The modern history of the College begins with the arrival of first two officers, later to become part of Pakistan Army, Captain (later Brigadier) K. M. Idris and Captain (later Major General) Nazir Ahmed that provided a special significance to the July 1940 Course. The first Pakistani to serve on the faculty was Lieutenant Colonel (later Major General) Muhammad Iftikhar Khan who was posted as Directing Staff in 1943. At the inception of Pakistan Quaid-e-Azam Muhammad Ali Jinnah along with Mohtarma Fatima Jinnah specifically visited the College highlighting its significance and prestige.

Another milestone was achieved when the College got its first Pakistani Commandant in 1954 and the honour went to Major General M.A. Latif Khan heralding a new era in its life. On 1 July 1955, the College marked its Golden Jubilee as a 50 year-old premier institution and the celebrations went on for three days involving extensive preparations by the staff and students. It was in 1955 that the College started receiving students from the United Kingdom, Canada, Australia, the United States, France, Turkey, Iran and Iraq. This conduct of Senior Officers’ Course continued for next few years, as and when required.
In 1956 the College shifted into the New Building that was required to cater to its growing needs and the college started awarding students ‘psc’ sobriquet. The year 1968 saw the recommencement of regular, one-year Staff Courses. The intake too was increased to 120 students which included 16 officers from allied countries. Consequent to this increase in the intake the Course was divided into A and B Divisions.
The typical location of Quetta made the College to construct an earthquake proof building and the shifting took place in 1976 setting in motion a sequel of changes in various other spheres as well. The student’s intake jumped to 230 in 1977 and has risen steadily. The Course is of 62 weeks with 14 weeks of non-resident course and 48 weeks of resident course distributed into four terms. Four weeks of resident course are utilised for technical orientation term conducted by College of Electrical and Mechanical Engineering.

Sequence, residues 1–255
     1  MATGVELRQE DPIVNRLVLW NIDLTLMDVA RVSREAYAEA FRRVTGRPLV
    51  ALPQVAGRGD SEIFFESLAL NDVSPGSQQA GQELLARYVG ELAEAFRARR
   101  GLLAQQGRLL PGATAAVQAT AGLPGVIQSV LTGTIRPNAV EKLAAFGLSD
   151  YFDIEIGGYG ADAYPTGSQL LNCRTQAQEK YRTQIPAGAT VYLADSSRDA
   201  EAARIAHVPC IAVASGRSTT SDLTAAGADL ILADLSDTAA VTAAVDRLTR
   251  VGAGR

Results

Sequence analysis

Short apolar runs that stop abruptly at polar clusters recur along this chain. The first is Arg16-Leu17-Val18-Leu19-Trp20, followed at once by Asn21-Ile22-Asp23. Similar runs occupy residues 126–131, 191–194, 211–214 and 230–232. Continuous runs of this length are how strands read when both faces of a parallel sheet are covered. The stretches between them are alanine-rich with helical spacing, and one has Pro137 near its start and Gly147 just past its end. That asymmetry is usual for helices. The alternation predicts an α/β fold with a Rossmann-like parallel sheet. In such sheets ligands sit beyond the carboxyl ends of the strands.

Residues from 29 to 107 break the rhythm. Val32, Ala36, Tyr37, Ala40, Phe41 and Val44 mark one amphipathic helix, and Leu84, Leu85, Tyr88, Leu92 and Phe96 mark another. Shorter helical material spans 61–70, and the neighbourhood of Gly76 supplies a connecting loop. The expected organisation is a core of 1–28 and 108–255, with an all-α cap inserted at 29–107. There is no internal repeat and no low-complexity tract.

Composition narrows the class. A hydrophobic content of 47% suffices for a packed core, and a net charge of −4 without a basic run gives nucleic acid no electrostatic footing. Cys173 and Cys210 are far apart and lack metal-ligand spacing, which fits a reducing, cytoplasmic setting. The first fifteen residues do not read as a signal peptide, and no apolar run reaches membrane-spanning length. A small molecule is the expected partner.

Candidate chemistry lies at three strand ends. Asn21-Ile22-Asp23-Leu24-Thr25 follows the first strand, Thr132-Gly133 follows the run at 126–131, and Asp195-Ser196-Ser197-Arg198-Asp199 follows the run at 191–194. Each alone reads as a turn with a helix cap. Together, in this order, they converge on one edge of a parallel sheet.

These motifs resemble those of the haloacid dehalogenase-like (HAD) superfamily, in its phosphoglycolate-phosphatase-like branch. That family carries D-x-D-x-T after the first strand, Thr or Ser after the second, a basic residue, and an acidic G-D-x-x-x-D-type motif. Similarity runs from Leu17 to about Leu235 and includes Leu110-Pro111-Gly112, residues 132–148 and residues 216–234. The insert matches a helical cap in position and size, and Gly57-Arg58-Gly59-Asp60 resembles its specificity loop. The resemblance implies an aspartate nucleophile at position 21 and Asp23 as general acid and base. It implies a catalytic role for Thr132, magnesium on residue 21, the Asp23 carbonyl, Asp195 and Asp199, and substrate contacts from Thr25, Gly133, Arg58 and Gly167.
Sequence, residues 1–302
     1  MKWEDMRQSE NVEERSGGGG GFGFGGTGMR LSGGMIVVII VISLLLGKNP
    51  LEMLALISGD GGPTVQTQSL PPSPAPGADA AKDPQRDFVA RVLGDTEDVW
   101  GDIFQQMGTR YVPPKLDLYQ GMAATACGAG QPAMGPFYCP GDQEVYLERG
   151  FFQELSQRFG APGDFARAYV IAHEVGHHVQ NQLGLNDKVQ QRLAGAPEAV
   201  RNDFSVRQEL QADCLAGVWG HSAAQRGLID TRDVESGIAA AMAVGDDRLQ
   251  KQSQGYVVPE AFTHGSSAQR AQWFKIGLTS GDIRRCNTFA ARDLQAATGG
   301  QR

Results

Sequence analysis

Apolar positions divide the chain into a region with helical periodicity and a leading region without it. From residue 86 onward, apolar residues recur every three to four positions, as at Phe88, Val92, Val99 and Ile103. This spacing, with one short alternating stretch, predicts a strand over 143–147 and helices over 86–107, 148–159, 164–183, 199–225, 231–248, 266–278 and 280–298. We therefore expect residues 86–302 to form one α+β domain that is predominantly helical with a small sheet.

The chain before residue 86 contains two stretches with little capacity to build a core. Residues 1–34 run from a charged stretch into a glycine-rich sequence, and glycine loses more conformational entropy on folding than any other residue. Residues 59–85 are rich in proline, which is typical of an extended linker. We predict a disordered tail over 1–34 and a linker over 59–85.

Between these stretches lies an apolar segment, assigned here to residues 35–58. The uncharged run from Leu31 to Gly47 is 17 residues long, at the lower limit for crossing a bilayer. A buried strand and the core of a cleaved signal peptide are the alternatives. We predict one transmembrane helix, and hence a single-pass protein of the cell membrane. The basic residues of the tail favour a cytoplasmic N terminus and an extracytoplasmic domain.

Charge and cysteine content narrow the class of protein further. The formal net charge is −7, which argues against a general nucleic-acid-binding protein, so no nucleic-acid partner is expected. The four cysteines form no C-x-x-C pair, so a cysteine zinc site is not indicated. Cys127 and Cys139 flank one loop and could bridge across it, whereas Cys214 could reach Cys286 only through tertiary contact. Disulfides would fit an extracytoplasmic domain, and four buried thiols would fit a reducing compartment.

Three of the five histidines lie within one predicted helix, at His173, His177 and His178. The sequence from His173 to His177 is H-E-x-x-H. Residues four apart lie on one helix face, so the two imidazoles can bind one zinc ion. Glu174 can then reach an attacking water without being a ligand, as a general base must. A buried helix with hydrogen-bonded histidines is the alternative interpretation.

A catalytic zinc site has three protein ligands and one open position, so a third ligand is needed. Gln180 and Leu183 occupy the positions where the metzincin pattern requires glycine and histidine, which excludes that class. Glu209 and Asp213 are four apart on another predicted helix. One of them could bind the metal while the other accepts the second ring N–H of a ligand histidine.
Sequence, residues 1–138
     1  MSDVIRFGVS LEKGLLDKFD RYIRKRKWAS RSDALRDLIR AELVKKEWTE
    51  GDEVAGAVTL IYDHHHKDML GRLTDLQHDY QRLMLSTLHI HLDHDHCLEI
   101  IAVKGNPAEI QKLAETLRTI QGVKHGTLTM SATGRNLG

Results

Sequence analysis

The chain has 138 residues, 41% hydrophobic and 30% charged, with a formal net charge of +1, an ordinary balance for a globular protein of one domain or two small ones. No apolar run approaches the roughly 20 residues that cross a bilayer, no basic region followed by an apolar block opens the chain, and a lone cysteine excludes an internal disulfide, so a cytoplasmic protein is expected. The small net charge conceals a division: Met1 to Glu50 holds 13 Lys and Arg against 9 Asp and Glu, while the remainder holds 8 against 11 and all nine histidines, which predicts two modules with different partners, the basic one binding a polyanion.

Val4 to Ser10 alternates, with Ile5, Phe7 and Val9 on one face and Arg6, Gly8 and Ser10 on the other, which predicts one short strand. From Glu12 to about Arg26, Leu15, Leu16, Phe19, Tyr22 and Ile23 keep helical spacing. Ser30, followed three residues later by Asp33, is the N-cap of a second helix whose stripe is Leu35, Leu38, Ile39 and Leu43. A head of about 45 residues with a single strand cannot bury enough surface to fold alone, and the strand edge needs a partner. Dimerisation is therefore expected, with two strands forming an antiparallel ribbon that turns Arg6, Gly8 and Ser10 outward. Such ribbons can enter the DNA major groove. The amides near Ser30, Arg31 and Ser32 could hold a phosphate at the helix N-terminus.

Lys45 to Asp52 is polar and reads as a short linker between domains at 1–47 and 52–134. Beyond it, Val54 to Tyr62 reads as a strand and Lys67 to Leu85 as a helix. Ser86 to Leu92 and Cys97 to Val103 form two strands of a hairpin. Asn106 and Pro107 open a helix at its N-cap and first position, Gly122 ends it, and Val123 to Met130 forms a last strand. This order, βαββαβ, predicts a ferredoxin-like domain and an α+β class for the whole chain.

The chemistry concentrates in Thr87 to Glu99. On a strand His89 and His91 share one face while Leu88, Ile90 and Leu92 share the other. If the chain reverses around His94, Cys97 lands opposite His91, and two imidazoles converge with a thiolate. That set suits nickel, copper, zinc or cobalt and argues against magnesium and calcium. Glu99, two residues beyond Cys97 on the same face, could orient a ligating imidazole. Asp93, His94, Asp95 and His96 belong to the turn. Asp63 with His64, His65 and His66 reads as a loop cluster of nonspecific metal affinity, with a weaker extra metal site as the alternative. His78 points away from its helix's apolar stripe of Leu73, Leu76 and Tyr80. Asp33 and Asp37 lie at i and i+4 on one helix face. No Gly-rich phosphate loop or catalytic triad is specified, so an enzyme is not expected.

The Faculty of Research and Doctrinal Studies, commonly known as FORADS, was established in 1985 to identify and formulate goals for research and doctrinal evaluation. The College also created a specific Exam Cell to conduct the new MCQ based SCEE/Regime. In 2003, the College started conferring Master’s of Science degree in Art and Science of Warfare to the graduates. Another milestone arrived in 2005 when the College completed 100 years of its existence, quite an achievement in the fast changing world. The College has taken great strides in bringing at par its curriculum with international standards and has included Operations at higher Level, Attack, Defensive Operations, Desert Warfare, Joint Warfare, Nuclear, Biological and Chemical Defence, Training and Strategic Studies. The revised curriculum has provided the training officers with necessary wherewithal to proceed ahead in their careers.

The only two Pakistani Commandants who are not the graduates of the College are Major General Riaz Azim (1972-1974) and Lieutenant General Tariq Waseem Ghazi (2000-2001). Interestingly, both are staff course graduates from Canada. General Ahsan Saleem Hyat is the only Chief Instructor who later rose to the rank of a General. Lieutenant General Habib Ullah (1943) and Lieutenant General Ali Kuli Khan Khattak (1973) are the only father and son who are the graduates of the College and later rose to be three star generals. The only brothers who remained as Chief Instructor are Brigadier Muhammad Ahmed, SJ and Brigadier (later Lieutenant General) Syed Muhammad Amjad. Lieutenant Colonel Agha Ahmad Gul (later Brigadier) was the first member of faculty who belonged to Quetta. Brigadier (Retired) Agha Ahmad Gul and Wing Commander Agha Mehr Gul are the only father and son who belong to Quetta and both are graduates and remained on the faculty of the college. The Weekender

Malik Nasir Mahmood Aslam is a seasoned social activist